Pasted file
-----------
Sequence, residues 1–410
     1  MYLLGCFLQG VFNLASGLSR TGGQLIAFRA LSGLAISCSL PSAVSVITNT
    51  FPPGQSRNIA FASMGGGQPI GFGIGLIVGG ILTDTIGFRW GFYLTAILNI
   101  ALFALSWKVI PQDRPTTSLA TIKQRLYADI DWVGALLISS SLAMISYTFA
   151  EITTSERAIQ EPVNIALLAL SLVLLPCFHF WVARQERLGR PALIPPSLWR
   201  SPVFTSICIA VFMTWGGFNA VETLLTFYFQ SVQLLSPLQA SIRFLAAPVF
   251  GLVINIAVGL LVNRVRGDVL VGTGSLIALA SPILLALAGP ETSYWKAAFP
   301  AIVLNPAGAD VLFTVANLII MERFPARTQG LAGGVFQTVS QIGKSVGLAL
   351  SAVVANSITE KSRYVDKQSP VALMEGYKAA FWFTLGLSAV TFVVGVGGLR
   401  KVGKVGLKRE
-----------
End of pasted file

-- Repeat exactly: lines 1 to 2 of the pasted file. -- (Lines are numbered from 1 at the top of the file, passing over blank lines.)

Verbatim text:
Sequence, residues 1–410
     1  MYLLGCFLQG VFNLASGLSR TGGQLIAFRA LSGLAISCSL PSAVSVITNT